I’m Karen, I’m in my late 30s, and I have a demanding but amazing toddler. I also have a fairly senior full-time job as the STFC Hartree Centre’s Head of Impact AND I’m an APPRENTICE.
I don’t fit the vision that I’ve always had of apprentices being young people at the very start of their career journeys. I am one of a growing number of ‘professional’ people who are either changing careers or taking on new responsibilities at work (in my case both) which need me to learn new skills.
I started a Level 4 Project Management Associate Apprenticeship in July, and my path to starting that isn’t what you’d ordinarily expect. I left university with a degree in marketing and public relations and have worked in related jobs at several organisations, working my way up from assistant to managing a communications team at the STFC Hartree Centre.
I then went on maternity leave, and when I came back, I had the opportunity to change direction; taking my transferrable skills in stakeholder management and communication and using them to help evidence to Government why they should fund the research and innovation that we do (we help UK organisations to use supercomputers, big data and artificial intelligence to improve what they do and create new products/services). It was a huge change, and it meant that I have had to establish new ways of working and new processes that have not been done in the Centre before.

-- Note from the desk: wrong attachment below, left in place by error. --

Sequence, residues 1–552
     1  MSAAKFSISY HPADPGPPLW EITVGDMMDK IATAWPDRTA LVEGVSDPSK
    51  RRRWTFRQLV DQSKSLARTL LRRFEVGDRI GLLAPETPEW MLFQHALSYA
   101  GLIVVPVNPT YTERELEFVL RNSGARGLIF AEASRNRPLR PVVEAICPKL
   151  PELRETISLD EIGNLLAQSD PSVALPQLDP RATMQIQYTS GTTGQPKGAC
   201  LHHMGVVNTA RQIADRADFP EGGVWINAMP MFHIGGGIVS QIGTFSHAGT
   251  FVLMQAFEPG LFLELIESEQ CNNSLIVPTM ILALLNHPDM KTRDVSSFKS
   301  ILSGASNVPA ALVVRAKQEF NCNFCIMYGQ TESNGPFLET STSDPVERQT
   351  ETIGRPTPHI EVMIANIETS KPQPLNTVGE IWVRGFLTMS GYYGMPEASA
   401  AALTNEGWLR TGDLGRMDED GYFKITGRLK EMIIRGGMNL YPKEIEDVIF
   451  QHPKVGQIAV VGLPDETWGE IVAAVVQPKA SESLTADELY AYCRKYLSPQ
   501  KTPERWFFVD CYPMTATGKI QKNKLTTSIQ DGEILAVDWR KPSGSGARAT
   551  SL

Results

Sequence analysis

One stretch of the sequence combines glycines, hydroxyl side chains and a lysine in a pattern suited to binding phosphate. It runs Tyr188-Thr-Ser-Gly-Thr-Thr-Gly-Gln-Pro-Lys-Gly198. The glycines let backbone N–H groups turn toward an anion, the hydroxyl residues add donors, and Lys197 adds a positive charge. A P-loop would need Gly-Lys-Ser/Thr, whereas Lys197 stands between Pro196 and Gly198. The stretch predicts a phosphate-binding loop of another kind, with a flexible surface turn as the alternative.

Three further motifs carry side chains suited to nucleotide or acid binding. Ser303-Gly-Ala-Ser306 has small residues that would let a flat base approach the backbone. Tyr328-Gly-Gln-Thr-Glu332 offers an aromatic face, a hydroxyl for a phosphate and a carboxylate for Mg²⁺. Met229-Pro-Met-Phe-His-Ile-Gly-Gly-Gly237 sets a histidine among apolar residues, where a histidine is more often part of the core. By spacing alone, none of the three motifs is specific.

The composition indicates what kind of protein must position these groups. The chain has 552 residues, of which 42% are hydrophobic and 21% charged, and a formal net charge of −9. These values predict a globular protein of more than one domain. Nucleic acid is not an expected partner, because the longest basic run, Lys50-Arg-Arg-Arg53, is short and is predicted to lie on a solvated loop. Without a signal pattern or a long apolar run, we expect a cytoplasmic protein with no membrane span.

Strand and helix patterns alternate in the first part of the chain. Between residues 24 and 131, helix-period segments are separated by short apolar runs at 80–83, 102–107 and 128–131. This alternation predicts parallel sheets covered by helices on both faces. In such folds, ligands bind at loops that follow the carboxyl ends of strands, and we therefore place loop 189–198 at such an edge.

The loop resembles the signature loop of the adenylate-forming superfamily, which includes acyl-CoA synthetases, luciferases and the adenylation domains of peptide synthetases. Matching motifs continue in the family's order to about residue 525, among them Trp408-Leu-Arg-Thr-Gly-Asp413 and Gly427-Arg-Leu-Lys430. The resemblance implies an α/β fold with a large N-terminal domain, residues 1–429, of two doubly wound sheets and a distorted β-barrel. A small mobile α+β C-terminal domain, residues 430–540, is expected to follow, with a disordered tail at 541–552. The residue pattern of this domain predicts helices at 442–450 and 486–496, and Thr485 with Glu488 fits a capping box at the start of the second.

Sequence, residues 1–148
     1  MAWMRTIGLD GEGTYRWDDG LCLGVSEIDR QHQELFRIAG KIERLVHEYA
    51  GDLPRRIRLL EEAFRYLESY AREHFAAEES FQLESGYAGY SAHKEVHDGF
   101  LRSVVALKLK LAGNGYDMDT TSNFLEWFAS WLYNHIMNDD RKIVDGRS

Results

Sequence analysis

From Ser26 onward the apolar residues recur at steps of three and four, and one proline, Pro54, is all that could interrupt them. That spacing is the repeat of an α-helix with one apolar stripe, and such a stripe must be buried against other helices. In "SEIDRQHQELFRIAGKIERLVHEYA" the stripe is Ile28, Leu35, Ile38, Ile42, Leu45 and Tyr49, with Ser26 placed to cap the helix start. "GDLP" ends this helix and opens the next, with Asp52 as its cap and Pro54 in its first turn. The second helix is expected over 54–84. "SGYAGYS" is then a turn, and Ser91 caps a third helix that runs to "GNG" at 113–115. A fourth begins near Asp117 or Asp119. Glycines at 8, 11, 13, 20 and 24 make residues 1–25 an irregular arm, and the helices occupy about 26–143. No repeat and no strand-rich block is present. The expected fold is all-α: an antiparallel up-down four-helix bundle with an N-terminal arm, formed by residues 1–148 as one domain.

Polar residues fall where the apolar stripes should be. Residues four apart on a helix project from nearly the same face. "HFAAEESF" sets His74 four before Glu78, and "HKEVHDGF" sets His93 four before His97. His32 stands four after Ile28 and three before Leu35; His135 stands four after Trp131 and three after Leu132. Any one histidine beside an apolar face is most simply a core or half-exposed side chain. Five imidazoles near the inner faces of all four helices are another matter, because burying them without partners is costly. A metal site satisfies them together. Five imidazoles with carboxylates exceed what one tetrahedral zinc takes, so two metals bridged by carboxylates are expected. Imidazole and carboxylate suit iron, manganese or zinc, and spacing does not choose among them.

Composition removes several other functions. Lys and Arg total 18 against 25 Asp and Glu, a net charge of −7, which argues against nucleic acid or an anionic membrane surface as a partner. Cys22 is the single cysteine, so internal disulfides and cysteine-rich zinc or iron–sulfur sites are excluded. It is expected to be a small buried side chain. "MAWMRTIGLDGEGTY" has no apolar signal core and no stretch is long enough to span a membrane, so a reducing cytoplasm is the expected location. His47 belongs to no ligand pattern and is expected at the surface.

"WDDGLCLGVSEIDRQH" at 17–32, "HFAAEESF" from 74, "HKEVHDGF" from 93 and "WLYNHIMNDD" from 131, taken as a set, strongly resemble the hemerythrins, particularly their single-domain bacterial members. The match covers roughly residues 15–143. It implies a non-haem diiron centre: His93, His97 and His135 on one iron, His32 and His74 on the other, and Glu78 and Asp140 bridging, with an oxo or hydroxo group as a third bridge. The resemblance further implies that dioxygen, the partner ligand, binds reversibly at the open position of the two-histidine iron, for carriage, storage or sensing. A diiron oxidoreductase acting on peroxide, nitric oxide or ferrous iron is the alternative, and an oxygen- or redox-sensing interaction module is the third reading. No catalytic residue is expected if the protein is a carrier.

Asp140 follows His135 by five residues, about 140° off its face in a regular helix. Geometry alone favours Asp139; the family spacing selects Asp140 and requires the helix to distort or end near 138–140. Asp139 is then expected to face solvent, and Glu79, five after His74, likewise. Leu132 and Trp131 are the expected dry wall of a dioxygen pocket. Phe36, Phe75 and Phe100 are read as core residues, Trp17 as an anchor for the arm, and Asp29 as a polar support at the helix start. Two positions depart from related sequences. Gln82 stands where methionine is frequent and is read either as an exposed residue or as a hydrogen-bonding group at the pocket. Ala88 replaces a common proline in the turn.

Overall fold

The more I grew into my role, the more I realised that I needed to run this big, new and exciting area of work as a project. There was one problem: despite being a really organised person, I’m a novice at project management, and things felt a bit chaotic. I needed a more structured way of thinking and learning this new craft – and that was when I heard that my organisation offered professional apprenticeships. I’m only in the early stages of it, but it has been awesome to really get my brain into ‘learning’ mode again and challenge myself and broaden my career horizons. Wherever you are in your career, an Apprenticeship could make a big difference.